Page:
number and quality. The effort last year
was the maiden attempt in this line and
no exhibit on the grounds created more in
terest than the display of the redmen who
are rapidly emerging from the manner of
living of the past and devoting themselvees
to the pursuits of the white man with an
aptitude that heralds great success ju fac
ing as the present exhibit teaches.
The exhibit is in charge of B. ISt. Rrter^
principal and teacher of agriculture v&
tJnited States Indian school at ChiIeo&
In the FWnee agency exhibit may be!
seen the picture of an Indian plowing. The
scene is- ivofhed out entirely with an ar
rangement of small grains and the blend
ing and contrast of colors has the earmarks
of a true artistic temperament behind the
task.
In the Ponca school exhibit there is an
artistic specimen of the two-horse plow done
in small grains and labeled "the present/'
A group of bows and arrows nearby is la
beled "the past."
In the Ponca agency exhibit a large dia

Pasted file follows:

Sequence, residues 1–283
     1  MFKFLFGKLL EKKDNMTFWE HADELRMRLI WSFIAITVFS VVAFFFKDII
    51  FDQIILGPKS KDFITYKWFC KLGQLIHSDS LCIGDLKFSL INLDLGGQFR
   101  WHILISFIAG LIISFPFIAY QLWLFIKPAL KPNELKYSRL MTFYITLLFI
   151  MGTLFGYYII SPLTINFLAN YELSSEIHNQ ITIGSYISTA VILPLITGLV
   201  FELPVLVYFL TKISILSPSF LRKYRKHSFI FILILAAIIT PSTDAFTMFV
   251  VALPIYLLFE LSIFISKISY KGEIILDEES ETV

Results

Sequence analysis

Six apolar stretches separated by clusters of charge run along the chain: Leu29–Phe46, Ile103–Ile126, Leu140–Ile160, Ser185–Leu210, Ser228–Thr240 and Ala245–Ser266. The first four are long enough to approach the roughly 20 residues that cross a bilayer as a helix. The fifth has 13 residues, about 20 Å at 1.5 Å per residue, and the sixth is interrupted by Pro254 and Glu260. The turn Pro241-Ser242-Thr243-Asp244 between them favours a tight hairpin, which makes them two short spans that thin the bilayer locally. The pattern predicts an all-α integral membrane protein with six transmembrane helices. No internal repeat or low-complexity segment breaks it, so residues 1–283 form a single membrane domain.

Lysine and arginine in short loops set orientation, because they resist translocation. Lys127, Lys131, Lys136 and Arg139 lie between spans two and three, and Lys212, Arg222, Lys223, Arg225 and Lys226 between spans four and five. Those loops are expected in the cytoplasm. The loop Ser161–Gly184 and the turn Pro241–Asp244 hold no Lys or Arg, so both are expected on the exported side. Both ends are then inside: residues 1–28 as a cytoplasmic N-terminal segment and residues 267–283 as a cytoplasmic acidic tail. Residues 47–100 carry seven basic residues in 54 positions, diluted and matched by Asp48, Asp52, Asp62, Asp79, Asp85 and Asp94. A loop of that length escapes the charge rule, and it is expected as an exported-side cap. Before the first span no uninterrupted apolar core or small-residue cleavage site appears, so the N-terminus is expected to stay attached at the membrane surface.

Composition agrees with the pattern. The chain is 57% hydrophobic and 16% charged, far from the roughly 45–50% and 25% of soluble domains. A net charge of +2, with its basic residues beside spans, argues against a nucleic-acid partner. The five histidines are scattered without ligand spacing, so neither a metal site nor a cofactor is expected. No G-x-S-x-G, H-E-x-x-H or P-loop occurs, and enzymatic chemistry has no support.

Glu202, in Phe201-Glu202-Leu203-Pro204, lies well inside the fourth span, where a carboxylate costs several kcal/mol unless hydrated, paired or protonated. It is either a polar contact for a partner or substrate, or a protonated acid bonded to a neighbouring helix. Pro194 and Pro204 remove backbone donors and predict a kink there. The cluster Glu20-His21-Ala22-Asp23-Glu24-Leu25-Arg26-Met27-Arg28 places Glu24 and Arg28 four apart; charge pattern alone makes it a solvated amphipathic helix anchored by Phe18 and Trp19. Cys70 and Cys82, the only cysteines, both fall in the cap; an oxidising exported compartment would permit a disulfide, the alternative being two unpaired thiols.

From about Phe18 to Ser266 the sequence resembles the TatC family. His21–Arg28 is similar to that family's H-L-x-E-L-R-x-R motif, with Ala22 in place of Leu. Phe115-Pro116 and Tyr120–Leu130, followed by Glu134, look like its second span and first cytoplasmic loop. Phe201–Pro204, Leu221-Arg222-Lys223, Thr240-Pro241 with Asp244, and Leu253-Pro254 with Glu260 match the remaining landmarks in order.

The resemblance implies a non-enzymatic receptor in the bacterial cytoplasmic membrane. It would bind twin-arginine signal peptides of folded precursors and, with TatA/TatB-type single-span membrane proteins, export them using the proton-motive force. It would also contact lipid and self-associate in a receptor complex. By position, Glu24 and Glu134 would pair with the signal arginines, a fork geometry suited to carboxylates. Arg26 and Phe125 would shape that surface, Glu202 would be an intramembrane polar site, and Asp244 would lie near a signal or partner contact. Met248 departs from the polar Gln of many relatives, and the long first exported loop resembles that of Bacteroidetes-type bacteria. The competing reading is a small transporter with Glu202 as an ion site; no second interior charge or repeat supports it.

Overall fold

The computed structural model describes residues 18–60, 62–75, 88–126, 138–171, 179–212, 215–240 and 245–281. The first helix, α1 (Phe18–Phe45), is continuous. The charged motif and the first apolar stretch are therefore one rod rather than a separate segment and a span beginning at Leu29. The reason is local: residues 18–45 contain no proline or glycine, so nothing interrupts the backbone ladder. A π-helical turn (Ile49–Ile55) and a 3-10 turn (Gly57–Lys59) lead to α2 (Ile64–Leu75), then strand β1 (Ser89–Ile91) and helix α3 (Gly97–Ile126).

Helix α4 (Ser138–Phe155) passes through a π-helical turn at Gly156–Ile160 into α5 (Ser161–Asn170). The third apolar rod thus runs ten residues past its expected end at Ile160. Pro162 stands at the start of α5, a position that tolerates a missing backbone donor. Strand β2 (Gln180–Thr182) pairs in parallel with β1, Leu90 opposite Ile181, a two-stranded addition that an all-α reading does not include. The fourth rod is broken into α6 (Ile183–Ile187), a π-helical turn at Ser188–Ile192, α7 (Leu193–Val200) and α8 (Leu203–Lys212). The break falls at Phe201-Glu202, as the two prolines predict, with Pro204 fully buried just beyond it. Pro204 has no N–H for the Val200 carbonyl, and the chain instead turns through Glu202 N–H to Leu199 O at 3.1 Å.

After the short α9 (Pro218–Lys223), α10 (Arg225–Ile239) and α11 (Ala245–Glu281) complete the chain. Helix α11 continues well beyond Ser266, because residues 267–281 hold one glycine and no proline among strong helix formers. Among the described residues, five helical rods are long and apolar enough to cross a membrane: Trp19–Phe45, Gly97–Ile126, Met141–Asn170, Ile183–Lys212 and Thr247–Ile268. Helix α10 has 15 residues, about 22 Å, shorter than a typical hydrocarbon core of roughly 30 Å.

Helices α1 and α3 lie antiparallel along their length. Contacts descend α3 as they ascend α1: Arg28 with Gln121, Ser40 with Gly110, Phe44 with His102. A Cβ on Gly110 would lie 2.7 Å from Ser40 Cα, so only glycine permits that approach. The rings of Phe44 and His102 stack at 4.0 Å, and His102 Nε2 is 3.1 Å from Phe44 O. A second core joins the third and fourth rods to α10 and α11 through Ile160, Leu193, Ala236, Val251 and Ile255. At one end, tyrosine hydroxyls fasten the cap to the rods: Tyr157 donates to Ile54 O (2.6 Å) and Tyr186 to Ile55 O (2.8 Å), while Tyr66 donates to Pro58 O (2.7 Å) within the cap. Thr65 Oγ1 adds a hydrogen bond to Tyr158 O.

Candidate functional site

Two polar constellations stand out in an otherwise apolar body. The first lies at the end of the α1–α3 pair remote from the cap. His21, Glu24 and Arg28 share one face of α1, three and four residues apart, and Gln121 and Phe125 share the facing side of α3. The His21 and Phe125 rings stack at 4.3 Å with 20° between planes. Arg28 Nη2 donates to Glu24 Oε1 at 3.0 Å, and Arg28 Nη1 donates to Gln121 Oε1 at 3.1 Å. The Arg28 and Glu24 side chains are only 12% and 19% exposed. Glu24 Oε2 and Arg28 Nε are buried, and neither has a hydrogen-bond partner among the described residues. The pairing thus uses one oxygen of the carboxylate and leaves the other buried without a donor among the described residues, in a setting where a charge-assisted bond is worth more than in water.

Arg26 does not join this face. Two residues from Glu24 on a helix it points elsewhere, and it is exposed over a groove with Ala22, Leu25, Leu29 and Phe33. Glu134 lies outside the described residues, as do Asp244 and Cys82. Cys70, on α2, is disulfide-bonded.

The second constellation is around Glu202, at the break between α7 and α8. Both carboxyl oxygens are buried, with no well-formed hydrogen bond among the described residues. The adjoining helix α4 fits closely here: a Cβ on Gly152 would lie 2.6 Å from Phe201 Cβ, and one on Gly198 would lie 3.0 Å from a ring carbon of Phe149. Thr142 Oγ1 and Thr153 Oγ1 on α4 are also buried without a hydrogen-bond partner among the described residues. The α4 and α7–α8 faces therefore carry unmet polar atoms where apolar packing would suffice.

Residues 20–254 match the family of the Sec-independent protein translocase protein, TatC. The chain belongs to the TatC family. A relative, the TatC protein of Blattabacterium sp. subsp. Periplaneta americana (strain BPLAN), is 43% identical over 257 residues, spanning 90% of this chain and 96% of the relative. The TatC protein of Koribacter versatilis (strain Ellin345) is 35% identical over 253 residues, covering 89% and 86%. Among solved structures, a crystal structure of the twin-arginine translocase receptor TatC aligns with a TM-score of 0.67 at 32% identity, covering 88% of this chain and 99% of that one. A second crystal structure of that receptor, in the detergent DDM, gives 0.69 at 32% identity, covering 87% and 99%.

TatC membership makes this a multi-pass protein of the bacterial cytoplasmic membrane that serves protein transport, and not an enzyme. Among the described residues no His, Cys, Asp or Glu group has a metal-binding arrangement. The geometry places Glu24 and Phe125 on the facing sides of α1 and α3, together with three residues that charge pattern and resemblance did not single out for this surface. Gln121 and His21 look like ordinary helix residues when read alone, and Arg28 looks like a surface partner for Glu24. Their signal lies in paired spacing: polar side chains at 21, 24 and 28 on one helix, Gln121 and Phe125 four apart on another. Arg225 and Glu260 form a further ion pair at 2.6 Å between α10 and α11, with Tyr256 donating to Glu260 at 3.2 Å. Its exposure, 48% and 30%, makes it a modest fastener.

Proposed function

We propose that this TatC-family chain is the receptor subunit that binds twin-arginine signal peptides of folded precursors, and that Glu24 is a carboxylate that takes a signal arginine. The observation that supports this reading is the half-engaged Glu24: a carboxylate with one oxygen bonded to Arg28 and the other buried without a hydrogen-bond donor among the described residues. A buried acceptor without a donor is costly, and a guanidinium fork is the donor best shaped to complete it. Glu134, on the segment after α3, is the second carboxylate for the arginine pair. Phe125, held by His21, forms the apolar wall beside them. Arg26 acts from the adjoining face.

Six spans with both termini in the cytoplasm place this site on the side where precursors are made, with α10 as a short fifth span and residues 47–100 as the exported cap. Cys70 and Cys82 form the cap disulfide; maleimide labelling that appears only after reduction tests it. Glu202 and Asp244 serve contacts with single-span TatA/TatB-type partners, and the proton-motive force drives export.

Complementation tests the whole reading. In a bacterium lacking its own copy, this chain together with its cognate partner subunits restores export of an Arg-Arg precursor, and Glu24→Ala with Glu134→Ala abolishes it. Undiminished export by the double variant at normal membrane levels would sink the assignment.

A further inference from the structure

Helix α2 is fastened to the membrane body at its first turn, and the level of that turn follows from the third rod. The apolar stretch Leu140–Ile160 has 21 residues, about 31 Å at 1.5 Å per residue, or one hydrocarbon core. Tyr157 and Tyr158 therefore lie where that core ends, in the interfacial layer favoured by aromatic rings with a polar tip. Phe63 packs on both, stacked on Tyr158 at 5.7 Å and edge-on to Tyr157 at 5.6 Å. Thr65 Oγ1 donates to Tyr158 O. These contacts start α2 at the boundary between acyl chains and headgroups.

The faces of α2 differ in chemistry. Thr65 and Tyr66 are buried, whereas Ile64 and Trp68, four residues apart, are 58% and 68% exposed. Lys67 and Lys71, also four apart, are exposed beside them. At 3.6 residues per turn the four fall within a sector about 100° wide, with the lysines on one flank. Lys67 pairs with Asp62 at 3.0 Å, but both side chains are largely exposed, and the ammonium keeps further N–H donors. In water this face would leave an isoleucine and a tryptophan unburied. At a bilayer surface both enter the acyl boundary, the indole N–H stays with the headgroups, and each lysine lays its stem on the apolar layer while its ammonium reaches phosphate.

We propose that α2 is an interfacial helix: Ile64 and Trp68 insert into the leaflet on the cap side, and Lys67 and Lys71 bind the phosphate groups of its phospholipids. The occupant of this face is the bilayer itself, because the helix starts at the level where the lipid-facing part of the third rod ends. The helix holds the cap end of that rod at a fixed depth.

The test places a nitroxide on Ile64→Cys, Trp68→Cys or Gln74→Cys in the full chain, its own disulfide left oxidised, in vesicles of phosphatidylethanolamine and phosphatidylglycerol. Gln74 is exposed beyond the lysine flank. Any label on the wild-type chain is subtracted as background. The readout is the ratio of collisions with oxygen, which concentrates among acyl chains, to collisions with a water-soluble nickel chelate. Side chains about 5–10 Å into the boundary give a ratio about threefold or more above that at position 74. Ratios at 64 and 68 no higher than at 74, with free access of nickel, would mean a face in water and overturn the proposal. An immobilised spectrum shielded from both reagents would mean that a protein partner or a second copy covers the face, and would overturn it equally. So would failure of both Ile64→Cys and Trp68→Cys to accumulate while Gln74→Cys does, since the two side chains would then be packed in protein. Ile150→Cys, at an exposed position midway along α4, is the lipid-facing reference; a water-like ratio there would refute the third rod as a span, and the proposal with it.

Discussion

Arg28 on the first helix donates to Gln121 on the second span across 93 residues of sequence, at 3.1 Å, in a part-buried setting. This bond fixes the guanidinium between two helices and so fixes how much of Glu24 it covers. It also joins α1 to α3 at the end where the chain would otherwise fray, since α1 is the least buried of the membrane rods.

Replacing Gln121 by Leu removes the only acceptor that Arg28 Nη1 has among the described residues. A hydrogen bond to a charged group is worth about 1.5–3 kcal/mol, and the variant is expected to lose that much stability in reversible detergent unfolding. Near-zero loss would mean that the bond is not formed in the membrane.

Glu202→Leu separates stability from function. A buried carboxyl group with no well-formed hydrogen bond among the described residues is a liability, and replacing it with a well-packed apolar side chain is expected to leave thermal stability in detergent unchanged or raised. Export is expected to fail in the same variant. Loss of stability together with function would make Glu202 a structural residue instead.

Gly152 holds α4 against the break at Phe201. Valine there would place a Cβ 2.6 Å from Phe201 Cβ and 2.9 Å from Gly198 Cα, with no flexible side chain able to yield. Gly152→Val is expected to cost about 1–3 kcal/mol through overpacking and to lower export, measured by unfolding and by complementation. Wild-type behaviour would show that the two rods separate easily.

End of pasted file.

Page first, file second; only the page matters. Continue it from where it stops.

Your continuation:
mond shaped border of corn encloses a sun
set scene wrought in small grain.
At the Kiowa agency exhibit may be seen
an Indian portrait, done in grain, and a
scene showing the wigwam as the Indian's
former home and the modern wooden house
in which he lives today, all worked out with
cane stalks, kafir corn heads and small
grains.
The Fort Sill exhibit contains a large
American eagle done in the kafir corn heads.
The Anadarko hoarding school, patriot'
ically displays an American flag worked in
corn grains. The color contrasts in this
piece of work are worked out with much
skill.
The Shawnee agency exhibits an Indian
head worked in wheat and corn grains. Corn
shucks are used to represent the feathers.
One display in the Sac and Fox exhibit
contrasts the handiwork of the Indians in
making bead-bespangled buckskin dresses,
with the plain sewing of the educated Indianl
housewife of today.The Oklahoma ((Mia
Oklahoman.